Jonathan Fenby, editor, author and now Légionnaire
Friday 6 July 2012
Another gong for Jonathan Fenby, former Reuters editor now a best-selling author and China expert. He has added the Lègion d’Honneur to his awards collected over the past two decades.
Fenby, with Reuters from 1963 to 1977, was awarded the French Order of Merit in 1991 for contributions to Franco-British understanding. In 2000, after ending five years as editor of the South China Morning Post in Hong Kong, he was made a Commander of the Order of the British Empire for services to journalism.
The Lègion d’Honneur, established by Napoleon Bonaparte in 1802, is France’s highest decoration. Fenby received it for his work, in particularly his contribution to the commemoration in 2010 of the 70th anniversary of Charles de Gaulle's wartime call to resistance from London in 1940. Publication of his biography of the general coincided with the anniversary. It is due out in the United States next month.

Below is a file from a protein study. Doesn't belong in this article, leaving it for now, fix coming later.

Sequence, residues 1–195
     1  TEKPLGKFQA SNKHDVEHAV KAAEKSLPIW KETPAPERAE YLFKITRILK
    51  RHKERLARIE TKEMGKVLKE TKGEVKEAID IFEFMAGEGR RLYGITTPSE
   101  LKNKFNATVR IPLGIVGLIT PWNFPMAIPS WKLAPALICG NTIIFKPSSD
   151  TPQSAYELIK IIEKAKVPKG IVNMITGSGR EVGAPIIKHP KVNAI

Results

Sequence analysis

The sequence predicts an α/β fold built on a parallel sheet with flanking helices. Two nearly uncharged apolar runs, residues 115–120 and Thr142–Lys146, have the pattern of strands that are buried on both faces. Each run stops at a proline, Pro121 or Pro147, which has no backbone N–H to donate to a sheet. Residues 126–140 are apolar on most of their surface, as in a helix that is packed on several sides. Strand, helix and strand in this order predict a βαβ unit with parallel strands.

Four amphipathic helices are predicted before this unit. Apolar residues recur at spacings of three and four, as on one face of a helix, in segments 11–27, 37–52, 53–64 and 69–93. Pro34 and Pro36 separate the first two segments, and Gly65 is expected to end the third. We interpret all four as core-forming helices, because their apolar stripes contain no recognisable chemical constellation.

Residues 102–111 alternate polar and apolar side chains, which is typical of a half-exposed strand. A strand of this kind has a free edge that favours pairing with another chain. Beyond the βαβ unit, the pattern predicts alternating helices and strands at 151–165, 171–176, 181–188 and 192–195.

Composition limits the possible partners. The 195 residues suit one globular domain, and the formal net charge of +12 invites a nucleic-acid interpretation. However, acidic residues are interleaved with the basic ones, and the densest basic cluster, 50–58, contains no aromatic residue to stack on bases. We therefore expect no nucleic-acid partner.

During World War II the Free French had an editorial office for their newspaper at 85 Fleet Street, then the global headquarters of Reuters. It was headed by a socialist who disapproved of de Gaulle.
Fenby’s latest book, Tiger Head, Snake Tails: China Today, How It Got There and Where It Is Heading, published in the Spring, is his seventh on China and 12th in the past 14 years. It comes out in the United States in November. His next book will be on France.
His day job is as founding partner and managing director for China at the research service Trusted Sources which does top-down analysis on major emerging countries and has clients round the world. “I seem to spend half my time travelling to see them and giving talks on my books - just back from trips to China and Hong Kong, the USA, Italy, Belgium, Switzerland and the Netherlands,” he says. ■